December 29, 2015
Ep. #10, Programming Languages
In this episode of To Be Continuous, Paul and Edith talk about programming languages and why they continue to evolve.
Scaling your early-stage company is both an exciting and overwhelming journey. For many first-time founders, understanding how your responsibilities and org should evolve along with your business can be tricky to navigate.
I sat down with Elle Destree, an executive coach and learning & development consultant, to hear more about the process of finding a leadership coach to help guide you through those transitions. She’s previously worked on initiatives at Facebook and Airbnb, and now works with clients in the software, entertainment, and biotech industries.
Although these titles get thrown around interchangeably, there is a nuanced, yet significant difference between who they are and what they can do for you. Whereas you might seek out an advisor or mentor who has specific experience in your field, a coach does not need to have experience in your industry — in fact, you might benefit from their outside perspective because the coach can offer you new ways of thinking.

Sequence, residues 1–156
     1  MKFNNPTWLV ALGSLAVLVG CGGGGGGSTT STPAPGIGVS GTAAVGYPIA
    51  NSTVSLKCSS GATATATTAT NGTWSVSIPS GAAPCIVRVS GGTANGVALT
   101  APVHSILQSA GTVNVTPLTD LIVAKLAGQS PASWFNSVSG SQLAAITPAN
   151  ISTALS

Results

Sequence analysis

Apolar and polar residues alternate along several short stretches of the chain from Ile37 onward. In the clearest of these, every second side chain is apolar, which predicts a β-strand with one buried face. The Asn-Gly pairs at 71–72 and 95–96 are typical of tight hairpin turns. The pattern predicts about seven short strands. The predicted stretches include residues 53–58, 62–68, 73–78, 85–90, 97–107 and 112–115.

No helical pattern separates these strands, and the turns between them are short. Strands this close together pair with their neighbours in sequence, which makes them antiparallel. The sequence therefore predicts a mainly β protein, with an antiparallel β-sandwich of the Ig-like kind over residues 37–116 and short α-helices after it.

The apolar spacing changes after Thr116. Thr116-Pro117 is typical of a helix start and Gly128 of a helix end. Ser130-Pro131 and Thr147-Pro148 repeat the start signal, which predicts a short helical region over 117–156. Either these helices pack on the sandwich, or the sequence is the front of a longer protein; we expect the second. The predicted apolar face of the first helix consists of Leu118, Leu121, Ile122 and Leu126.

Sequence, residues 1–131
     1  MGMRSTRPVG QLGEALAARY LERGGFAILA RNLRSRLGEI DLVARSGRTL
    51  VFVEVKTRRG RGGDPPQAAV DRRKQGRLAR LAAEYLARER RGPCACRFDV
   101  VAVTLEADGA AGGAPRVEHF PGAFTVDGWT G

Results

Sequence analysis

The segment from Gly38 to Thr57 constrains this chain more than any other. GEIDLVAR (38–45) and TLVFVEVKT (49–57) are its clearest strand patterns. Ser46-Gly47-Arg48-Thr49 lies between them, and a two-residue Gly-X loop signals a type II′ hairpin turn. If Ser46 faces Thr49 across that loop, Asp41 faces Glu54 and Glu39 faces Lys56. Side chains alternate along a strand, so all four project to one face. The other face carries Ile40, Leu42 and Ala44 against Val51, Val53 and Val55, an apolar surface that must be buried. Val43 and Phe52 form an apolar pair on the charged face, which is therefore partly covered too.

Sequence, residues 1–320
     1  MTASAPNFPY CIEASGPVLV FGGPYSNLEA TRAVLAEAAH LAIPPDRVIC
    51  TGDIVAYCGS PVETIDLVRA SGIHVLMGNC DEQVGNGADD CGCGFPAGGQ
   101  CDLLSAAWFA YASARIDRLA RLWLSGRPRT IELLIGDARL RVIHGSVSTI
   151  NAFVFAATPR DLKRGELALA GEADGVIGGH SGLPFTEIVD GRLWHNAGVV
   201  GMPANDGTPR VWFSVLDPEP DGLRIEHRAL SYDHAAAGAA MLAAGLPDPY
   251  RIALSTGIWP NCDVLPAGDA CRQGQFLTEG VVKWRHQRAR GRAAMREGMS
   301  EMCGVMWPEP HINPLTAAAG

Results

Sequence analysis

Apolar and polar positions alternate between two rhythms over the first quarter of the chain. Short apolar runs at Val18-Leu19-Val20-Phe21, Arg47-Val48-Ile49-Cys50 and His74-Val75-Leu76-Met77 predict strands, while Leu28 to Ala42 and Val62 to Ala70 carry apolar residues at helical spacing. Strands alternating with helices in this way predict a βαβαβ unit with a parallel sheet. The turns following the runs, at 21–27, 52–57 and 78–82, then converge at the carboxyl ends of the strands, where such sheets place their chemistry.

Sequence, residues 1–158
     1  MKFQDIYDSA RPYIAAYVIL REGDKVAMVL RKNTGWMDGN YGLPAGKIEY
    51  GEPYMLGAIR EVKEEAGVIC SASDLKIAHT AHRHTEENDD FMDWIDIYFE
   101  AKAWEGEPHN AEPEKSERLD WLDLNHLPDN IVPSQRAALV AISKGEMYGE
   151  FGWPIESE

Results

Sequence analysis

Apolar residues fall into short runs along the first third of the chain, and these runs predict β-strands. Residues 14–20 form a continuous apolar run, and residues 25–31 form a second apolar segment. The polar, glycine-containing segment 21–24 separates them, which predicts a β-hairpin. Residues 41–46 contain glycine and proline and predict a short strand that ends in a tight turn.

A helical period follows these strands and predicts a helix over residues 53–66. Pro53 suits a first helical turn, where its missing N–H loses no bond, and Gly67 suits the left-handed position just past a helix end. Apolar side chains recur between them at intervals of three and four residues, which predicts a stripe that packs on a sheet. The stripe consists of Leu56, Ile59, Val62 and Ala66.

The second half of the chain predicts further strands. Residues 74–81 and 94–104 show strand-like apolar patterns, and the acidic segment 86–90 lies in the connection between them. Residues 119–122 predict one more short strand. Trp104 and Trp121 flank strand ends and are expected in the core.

A key difference is in how the coach shows up to the conversation. A coach will ask you questions, reflect your thoughts back to you, and note distinctions. They will usually not tell you what to do or prescribe advice. On the other hand, an advisor or mentor will often share their own experience, give you advice, or tell you what they think you could do in a given situation. Even though coaches and mentors serve different purposes, it doesn’t hurt — if anything, it could be more effective– to have both.
Many leaders hire a coach when they are going through a major transition within their company, such as a promotion, job change, or shift in responsibilities. You might also hire a coach when you’re going through a life transition, like moving cities or starting your own business. A coach can also help you make a decision about where to go next in your career, whether you’re trying to figure out which job offer to take or you’re thinking about changing industries entirely.
Regardless of your specific circumstances, having a clear idea of your developmental goals and what you’re hoping to gain from working with a coach is a good idea before starting to meet with coaches.